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Packing an F3K pod.


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mikef

Having let my “Vibe“ F3K Model “settle” for five years, I have started installing the gear.  I won the model in a raffle at the 2015 World Champs in Croatia.  Lockdown has reignited my building urges and the Vibe follows a bit of a spree....

Built an indoor 'Gyminnie Cricket' kit

Built a 'Tom' indoor “living room stick” kit

Put a new battery in a 'Red Herring' EPP slope wing and re-taped the joints

Refurbished a ‘Bonus', F3K model - fitted pressure contacts to the wing/fus joint, fitted a new tailplane,  made and fitted a new balsa fin/rudder and tidied the wiring in the fuselage.

Assembled a 6 year old Snipe  (LN&LT) and got it trimmed.

The Vibe has a tiny pod with a sheath nose - here are the two 8mm thick servos taking up most of the room.  With them like this you can't get the receiver past to go under the back of the opening or the battery into the nose.  You could put the servos side by side but it puts one of the control cables on the wrong side and blocks the route for wiring trying to get past.  One behind the other gives good control cable runs and a nice wiring route down the other side of the nose.  The servo horns are different heights and the control cables can run direct to the back without touching anything.

The Vibe has the 'cockpit opening of the left side of the nose, not the top..... 

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mikef

To get the battery and receiver into position, the servo mounting comes out.  You can see 3 captive M2 nuts on the inboard side.  Countersunk nylon screws hold the mounting in.  You can see the different horn heights well in the second picture.  To give an alignment feature and provide a backup for the countersunk holes in the thin nose skin, a hardwood rail with an 'M' logo on it  is epoxied to the inside wall - third picture.   (The front hole of the three is in shadow.)

 

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mikef

Here's the outside of the pod, showing the screw heads.   The screws are countersunk so they don't interfere with the sheath nose sliding on.

EF1F39FB-F998-4A15-A614-92D2104158B2.jpeg

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mikef

For some reason, ‘M' logo mounting rails are smuggled to users inside ‘Magnum’ Ice cream bars.  Nice wood - possibly beech or something similar.   Eat the ice cream and wash/dry the mounting rail before use.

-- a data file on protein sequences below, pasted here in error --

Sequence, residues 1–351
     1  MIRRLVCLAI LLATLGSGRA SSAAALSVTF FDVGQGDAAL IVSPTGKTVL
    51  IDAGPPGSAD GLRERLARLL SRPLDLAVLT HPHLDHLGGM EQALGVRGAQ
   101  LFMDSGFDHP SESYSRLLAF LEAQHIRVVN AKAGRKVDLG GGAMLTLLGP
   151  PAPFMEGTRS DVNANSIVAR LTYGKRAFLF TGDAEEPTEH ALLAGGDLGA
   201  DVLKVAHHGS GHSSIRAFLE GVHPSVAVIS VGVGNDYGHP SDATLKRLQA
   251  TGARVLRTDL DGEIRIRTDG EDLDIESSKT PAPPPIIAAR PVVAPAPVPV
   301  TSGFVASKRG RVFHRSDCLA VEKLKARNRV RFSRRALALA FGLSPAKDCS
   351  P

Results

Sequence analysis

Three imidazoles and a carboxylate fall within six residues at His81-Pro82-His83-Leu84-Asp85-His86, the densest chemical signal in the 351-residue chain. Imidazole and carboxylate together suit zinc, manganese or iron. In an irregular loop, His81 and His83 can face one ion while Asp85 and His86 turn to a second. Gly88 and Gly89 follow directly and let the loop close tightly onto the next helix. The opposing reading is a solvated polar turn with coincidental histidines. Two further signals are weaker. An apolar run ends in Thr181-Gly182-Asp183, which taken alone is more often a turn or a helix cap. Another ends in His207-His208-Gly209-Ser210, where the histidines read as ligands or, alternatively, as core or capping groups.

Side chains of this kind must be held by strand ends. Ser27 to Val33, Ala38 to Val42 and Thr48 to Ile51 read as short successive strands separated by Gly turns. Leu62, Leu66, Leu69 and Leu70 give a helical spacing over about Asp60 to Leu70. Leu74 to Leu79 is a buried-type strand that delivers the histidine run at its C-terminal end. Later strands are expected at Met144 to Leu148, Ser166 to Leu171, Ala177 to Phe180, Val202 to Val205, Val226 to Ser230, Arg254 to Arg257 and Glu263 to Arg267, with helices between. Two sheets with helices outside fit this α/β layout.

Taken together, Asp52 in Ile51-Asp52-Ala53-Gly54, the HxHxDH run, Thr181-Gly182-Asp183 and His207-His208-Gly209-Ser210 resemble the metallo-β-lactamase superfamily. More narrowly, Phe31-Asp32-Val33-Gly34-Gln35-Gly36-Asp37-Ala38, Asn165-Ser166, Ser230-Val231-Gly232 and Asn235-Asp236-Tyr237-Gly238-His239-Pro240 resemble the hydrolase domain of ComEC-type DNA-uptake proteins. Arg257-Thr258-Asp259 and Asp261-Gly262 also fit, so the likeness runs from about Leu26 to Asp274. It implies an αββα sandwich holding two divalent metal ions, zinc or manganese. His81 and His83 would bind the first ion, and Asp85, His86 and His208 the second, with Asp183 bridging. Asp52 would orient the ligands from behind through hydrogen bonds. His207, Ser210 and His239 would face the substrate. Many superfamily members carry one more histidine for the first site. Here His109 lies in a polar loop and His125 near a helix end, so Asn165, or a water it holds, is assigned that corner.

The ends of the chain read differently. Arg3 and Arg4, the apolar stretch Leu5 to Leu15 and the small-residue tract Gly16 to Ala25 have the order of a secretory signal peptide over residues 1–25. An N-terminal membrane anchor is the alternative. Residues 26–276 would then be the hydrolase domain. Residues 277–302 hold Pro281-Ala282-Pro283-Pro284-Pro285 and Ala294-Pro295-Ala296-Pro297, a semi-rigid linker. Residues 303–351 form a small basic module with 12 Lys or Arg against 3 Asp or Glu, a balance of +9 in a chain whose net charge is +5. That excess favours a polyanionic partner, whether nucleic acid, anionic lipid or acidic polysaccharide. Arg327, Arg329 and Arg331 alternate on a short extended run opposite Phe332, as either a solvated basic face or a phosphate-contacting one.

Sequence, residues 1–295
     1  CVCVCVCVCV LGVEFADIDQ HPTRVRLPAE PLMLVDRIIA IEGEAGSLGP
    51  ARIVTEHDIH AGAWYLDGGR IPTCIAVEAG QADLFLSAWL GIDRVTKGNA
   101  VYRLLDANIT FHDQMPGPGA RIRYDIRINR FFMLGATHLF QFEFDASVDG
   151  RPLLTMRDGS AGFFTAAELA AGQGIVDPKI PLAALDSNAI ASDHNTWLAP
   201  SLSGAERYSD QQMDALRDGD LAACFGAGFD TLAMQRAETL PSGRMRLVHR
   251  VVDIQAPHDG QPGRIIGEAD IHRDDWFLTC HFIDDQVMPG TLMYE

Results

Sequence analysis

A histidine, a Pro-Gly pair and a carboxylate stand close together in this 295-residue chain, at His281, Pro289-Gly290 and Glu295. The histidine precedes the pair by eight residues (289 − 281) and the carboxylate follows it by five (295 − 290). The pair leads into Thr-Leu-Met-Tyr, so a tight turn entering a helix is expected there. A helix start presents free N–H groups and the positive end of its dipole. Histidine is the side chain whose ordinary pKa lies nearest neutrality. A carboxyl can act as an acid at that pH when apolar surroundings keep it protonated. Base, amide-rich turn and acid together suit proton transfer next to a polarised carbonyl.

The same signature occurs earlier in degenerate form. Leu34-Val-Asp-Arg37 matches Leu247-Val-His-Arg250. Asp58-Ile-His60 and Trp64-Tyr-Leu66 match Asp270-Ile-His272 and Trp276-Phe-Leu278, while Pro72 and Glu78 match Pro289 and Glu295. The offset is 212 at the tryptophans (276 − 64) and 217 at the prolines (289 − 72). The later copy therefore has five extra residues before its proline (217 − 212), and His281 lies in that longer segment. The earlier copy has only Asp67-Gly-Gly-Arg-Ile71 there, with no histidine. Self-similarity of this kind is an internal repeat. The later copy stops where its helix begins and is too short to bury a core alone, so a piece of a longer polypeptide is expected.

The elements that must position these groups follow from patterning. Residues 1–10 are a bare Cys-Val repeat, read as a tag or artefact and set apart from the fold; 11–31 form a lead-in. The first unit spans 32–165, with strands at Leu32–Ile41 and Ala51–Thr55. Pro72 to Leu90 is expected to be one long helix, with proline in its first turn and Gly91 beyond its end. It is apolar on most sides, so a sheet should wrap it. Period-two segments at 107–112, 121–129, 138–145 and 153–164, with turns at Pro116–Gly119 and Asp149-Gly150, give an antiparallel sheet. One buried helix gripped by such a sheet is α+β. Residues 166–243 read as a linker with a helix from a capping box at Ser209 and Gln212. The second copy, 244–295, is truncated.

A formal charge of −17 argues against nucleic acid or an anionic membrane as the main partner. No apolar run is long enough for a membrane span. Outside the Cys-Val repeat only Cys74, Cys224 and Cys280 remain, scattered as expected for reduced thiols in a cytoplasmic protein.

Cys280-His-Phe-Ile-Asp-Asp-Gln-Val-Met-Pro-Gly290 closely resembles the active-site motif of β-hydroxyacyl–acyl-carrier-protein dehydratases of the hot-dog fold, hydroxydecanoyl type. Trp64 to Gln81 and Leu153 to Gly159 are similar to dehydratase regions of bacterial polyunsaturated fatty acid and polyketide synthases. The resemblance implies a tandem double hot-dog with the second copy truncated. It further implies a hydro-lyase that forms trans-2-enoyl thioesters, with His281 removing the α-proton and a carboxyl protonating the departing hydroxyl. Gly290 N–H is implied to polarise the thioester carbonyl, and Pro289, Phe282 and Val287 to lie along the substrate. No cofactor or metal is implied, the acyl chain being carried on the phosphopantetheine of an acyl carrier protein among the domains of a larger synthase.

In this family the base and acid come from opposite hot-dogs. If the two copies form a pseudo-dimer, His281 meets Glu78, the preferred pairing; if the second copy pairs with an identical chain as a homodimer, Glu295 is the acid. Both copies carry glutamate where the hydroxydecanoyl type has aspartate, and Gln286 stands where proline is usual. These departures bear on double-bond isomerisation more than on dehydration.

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oipigface

Is that what those are for? I’ve been using them to mix epoxy for years! What a waste.

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isoaritfirst

Nicely executed Mike.

Its the same method that is used in many of the AeroMod models. works well.

Also similar to how I did a Pace Ds model a few years back where I needed to slide the servo assy back down inside the fuselage, in that instance it was not only to make receiver and battery accessible but also the design was based around formers that once slide back on rails, created a anti crush feature between the front wing incidence pins.

 

I also use Magnum sticks for mixing epoxy - usually a quick whizz on the belt sander to shape to need. 😃

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mikef

Finally got it done and ready to fly. The 'channel' down the side of the servos opposite the control cables has swallowed all the spare wiring.  Used pressure contacts to link wing servos.  Had to slot the wing servo covers and make blister fairings - 5 mm horns too long for thin wing.....  forgot to check before installing flapperon horns....

 

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mikef

I haven't made any provision for ballast In the Vibe - couldn't think of a way to do it that didn't risk fouling the controls and it's already heavy in my terms at 274 grams empty...  (2015 Vibe Mk 1.)

If that's too light, I have a 290 gram Twister II and a 322 gram Bonus, they can both take 100 + grams of ballast but it hurts to throw a 425 gram model!!  I have two Snipes at 279 and 254 grams, they can both take ballast but I haven't got any for them at the  moment.

 

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mikef

Vibe first flown today - went out at 1645 and landed an 18:55 flight at 1735.  Seems to go on climbing longer from the throw and handles very well.  CG at 67.5 - suggested range 65-73 and they add that most pilots end up at 68-71.

Need to check it against my favourite Snipe but I'm liking it so far.

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